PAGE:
“Mark,” called out Jason from the parking lot, just as Mark was about to push open the door to the sales office. Jason trotted over to catch up.
“Jason, that’s the most energy I’ve seen you spend in a long time.” Jason was notorious in the office for hardly ever moving and staying on the phone for days to line up appointments.
“Got something worth moving for,” responded Jason with a grin. “You got a second, I think we ought to talk.”
“Sure,” said Mark, starting to push open the office door.
“No,” responded Jason, “not in there. It’s not something I want everyone in on. Let’s take a walk down to the end of the hall.”
“Okay, whatever.” Mark turned and started walking with Jason at his side.
“You remember Harold? The sales fellow that was here a couple years ago and then just vanished one day?”
“Kind of, he never struck me as being all there.”
“Whatever. I ran into him last week, and he put me on to something. Been checking it out all week.”
“I thought . . . “
“Sure, you and everyone else thought I was doing appointments.”
“So, what’s up?”
“Harold wants me and one other salesperson to come in with him on this mega-deal. No, you don’t have to front any money. Just about three months of work and we’ll all be home free for the rest of our lives. It will work, too. Do you want in?”
“Maybe I’m too suspicious, but what does Harold need with the two of us? He could find two salespeople anywhere.”
“He was about to call both of us when I ran into him. It’s a huge export deal with the Far East. That’s all I can tell you until you talk to Harold.”
Mark heard that voice in the back of his head. Sounds like one of the crazy killer deals that seem to circulate through sales offices about twice a year. Nothing to them, but they sound real good and use up sales time.
“Gotta pass, Jason. Got too much going now.”
“You’re going to miss the big one.”
Mark knows where he wants to be in 10 years and what he has to do to get there. Harold’s scheme sounds like a waste of time to even discuss.
Mark has long-term goals. Most salespeople, if they have goals, have goals 30 days into the future, based on meeting a quota figure set by management or themselves. A smaller percentage of salespeople will have yearly goals. Again, many of those goals will be monetary.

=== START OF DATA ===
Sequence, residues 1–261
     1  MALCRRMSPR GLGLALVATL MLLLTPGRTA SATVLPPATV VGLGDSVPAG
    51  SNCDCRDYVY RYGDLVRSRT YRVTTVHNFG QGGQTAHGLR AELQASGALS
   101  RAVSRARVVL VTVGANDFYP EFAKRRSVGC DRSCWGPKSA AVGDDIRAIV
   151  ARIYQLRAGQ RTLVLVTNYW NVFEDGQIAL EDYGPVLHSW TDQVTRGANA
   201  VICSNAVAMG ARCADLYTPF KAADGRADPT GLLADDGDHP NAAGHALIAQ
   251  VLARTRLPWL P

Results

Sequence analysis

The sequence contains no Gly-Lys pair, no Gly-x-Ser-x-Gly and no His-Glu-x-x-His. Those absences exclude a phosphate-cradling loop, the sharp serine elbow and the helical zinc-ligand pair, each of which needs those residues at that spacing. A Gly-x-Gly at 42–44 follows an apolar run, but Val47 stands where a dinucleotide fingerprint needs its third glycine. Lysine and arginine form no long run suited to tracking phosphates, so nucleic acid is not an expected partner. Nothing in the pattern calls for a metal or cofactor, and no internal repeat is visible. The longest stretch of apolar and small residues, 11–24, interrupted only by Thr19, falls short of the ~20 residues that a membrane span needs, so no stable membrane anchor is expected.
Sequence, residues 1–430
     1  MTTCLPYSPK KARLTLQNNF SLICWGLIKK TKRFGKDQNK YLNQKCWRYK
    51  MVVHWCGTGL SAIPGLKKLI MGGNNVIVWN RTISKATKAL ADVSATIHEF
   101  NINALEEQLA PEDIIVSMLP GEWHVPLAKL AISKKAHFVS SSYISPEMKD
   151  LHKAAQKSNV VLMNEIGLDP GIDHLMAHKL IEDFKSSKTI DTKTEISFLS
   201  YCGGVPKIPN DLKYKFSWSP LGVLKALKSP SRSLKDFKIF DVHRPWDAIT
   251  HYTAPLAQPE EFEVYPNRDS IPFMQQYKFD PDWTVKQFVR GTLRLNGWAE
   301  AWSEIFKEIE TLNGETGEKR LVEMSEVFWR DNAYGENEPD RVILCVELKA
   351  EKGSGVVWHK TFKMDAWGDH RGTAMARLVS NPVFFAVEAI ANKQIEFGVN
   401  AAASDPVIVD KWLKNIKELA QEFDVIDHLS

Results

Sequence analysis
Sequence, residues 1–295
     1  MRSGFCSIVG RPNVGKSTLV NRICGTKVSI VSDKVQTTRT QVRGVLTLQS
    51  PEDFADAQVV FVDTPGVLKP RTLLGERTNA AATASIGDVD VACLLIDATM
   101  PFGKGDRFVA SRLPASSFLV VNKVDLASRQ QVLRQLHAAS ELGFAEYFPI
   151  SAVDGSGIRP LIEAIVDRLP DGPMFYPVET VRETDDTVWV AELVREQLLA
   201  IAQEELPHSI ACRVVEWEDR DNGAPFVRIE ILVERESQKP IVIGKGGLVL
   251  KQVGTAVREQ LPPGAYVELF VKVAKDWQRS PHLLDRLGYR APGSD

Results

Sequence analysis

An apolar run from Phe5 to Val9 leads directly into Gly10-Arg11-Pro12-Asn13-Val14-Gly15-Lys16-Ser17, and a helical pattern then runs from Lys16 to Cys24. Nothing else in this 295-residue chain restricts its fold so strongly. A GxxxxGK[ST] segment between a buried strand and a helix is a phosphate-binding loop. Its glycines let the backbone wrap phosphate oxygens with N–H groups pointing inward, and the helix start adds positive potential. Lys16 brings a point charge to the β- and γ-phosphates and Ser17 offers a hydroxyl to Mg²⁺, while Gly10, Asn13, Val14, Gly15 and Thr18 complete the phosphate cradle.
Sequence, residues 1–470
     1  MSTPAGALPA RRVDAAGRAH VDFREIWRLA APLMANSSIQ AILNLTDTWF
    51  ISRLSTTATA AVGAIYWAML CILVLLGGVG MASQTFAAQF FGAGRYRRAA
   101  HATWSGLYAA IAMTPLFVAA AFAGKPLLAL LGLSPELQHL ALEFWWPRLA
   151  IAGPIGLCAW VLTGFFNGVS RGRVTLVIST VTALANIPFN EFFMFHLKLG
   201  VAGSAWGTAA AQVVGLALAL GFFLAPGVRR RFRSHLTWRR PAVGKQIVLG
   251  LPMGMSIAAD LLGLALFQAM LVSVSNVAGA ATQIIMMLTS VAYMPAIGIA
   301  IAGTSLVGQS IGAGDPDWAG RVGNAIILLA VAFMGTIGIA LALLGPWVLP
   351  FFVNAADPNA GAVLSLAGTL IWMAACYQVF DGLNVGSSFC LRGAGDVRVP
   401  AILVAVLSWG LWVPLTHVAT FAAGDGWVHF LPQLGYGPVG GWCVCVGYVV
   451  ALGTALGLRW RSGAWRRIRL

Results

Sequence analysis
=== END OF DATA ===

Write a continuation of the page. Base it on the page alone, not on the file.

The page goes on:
There is nothing wrong, per say, with monetary goals. However, it is easier to picture yourself driving a Ferrarri F40 than having the million dollar income that you need to purchase one. Why a million dollars when the car costs half that? Income taxes will take half.
If you ask 10 salespeople where they picture themselves being in 10 years, one or two might say management, and a couple more will look blankly at you then chuckle without giving you an answer. Of the remaining six or so, four or five will say “in sales,” and the remaining one will perhaps say “running my own place” or something similar.
Then ask those who had answers, ignoring the chucklers, how they will get to where they picture themselves in 10 years. Only one out of ten will have any idea. Most likely that one person will be the salesperson who consistently does well. In fact, the clearer the person can lay out his method of achieving his 10-year goal, the more likely his current sales performance is superior.
Decide what you want to be doing 10 years from now, both personally and professionally. Write it down. What skills do you currently possess to achieve those goals? Write them down. What skills do you need to sharpen or acquire to reach those goals? Write them down. What can you do today, this week, this month, and this year to reach those goals? Write them down. Now that you know where you are going, all you have to do is start getting there.
If you start and if you have written down the above, you will very quickly find that your daily actions will be measured against whether or not they contribute to getting to your 10-year goals. If they don’t, the annoying voice in the back of your head should be telling you to not bother and do something productive instead. Whether you listen to the voice or not is your choice.
If you don’t know what the goal is, then anything you do is as good as anything else, regardless of how aimless and useless it might be. For how else to judge your actions?
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